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Marsupial Presumed to Be Extinct for Over 100 Years Recently Found in Parts of Australia

Researchers hope it would find a mate so it can reproduce.

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The crest-tailed mulgara, a tiny marsupial thought to be extinct for more than 100 years in the Australian state of New South Wales, was recently found. Researchers from the University of New South Wales (UNSW), who were working on a project called Wild Deserts to restore and promote desert ecosystems, made the discovery at the Sturt National Park near Tibooburra.

The discovery is a welcome development as researchers are looking to reintroduce mammal species into the Sturt National Park. Such creatures have not been seen in the area for 90 years.

The tiny marsupial, a pocket-sized predator, is a carnivore that feeds on invertebrates, lizards, and small mammals.

The crest-tailed mulgara is usually found in central Australia. They are widespread in the southern Simpson Desert and are a Guinea pig-size relative of the Tasmanian devil.

The found creature, which was an immature female, was measured and released back into the desert. The researchers hope it would find a mate and reproduce.

Introduced species in the Sturt National Park, like rabbits, cats, and foxes, will be eradicated in two 20 square-kilometre fenced exclosures.

This will make way for extinct mammals, like the greater bilby, burrowing bettong, Western quoll, and Western barred bandicoot. Wild Deserts project coordinator Reece Pedler said in a statement:

“Next year we are due to begin introduced predator and rabbit eradication for a large area, which will no doubt help the mulgara.”

Rebecca West, a UNSW ecologist, also said in a press release:

“The crest-tailed mulgara was once widely distributed across sandy desert environments in inland Australia, but declined due to the effects of rabbits, cats and foxes.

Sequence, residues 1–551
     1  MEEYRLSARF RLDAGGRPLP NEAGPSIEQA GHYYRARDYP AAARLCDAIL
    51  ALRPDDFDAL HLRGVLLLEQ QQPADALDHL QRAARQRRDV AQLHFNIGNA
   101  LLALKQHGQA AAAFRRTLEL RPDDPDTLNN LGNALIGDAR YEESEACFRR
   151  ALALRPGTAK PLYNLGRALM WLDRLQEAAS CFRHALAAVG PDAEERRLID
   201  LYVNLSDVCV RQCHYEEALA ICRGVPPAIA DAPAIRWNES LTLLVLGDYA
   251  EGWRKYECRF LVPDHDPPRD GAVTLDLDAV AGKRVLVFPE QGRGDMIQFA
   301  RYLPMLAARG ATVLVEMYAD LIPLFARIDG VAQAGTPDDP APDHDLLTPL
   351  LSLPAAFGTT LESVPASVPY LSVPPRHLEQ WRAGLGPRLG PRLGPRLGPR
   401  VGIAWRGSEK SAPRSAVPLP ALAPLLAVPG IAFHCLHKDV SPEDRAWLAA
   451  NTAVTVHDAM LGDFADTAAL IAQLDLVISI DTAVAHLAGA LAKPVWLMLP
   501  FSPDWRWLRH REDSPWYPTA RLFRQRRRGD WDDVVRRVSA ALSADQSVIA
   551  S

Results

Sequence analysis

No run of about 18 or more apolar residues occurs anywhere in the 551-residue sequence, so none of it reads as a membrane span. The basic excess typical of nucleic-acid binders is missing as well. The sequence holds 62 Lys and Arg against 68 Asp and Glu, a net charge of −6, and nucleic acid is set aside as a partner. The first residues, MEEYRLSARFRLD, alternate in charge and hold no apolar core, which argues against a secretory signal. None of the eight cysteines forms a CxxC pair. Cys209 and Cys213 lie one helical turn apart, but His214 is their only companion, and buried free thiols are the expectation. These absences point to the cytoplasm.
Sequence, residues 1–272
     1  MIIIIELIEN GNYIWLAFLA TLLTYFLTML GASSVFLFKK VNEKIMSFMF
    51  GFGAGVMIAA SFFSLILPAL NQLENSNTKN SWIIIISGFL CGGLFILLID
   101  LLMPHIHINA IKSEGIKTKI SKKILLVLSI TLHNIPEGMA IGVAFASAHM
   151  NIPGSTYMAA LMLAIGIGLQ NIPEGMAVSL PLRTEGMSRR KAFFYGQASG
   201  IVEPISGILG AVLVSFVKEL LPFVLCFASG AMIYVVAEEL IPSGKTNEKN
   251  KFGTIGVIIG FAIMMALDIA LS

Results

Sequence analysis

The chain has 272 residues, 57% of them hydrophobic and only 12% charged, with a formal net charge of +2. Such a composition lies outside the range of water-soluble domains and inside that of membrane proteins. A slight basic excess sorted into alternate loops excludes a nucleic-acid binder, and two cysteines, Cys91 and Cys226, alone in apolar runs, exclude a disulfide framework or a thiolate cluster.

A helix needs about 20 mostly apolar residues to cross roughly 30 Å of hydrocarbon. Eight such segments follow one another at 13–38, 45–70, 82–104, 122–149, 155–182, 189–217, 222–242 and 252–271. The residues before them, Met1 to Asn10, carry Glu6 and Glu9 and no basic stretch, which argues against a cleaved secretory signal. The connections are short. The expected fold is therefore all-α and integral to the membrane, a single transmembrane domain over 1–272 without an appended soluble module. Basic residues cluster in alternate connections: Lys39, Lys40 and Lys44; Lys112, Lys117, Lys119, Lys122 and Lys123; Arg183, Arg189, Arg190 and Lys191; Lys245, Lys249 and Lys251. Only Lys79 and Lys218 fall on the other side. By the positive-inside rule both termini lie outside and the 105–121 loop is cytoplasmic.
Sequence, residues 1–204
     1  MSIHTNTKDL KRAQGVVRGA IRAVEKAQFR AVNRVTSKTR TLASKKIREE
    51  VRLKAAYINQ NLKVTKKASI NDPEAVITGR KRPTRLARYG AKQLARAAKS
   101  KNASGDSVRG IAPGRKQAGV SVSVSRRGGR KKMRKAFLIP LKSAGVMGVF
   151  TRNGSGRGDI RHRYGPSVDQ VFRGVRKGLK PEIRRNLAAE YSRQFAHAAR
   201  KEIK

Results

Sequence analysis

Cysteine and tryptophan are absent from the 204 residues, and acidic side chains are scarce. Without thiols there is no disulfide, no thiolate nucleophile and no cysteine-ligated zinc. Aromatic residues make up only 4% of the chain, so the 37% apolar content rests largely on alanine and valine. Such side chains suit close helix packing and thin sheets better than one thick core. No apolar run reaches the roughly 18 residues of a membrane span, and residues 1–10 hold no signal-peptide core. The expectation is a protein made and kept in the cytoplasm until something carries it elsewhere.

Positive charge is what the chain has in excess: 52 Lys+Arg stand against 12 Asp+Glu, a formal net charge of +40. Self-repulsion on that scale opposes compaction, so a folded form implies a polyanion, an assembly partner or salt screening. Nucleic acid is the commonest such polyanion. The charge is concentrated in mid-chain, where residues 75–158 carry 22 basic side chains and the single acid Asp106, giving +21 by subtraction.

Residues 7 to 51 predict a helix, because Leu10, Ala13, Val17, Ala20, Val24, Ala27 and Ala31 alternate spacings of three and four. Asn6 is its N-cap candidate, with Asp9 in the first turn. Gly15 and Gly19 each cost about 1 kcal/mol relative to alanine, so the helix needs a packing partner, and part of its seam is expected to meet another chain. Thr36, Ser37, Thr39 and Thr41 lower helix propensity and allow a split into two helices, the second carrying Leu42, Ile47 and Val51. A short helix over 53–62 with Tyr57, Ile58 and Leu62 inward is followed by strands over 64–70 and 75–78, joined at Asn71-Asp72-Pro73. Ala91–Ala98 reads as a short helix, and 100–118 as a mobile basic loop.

“The species weighs around 150 grams (5.29 oz) and has pale blonde fur and a thick tail with a distinctive black crest.”

National Geographic reports that the research team plans to keep an eye out for mulgara tracks and feces, as they now know the animal is back in the region.

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Here Are The 14 Winners of This Year’s Comedy Wildlife Photography

They are just as wild and funny as anyone would expect.

A new year is on its way, and it is only understandable for people to look back at the things that happened. While some moments are deemed sad, others are worth being proud of. And, oh, let us not forget the funny ones!

Speaking of funny ones, we here at Elite Readers decided it is time to round up the funniest photos of the year. The only catch, however, is that we are about to feature the wildlife. Interestingly, there is an actual competition for this sort of thing. It is even meant to spread awareness about wildlife conservation, and it is called Comedy Wildlife Photography.

Photographer Paul Joynson-Hicks, one of the founders of the competition, was quoted saying:

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Smart Dog Waits For The Green Light Before Crossing The Street

Smarter than some humans? This dog knows exactly when to cross the street!

Traffic lights, also known as stoplights, are installed in major roads to direct vehicular traffic. The main purpose, of course, is to ensure everyone’s safety. As we all grew up, we learned what each of the three colors meant – red is for stop, green is for go, and yellow is for proceed with caution.

And yet the sad fact of the matter is that not everyone follows these simple guidelines. Just ask traffic officers about it and they’ll tell you that, from time to time, they still have to apprehend motorists and pedestrians violating the rules.

Smarter than some humans? This dog knows exactly when to cross the street!

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Residents Are Puzzled As Dozens of Octopuses Were Found Ashore on a Beach in Wales

It happened three nights in a row.

Imagine waking up one morning and heading to the beach, only to find around two dozen octopuses washed ashore. Maybe your first instinct is to think that you're hallucinating and seeing weird things. Upon checking that the creatures on the sand are definitely real, you would probably assume the worst - doomsday is upon us. Or maybe not.

This must be what the residents of Ceredigion, a small coastal village in western Wales, must have felt when they saw a group of cephalopods scattered on New Quay beach. They were washed ashore and reports say that the "octopus march" happened three nights in a row.

You would be puzzled too if you find dozens of them on a beach near you.

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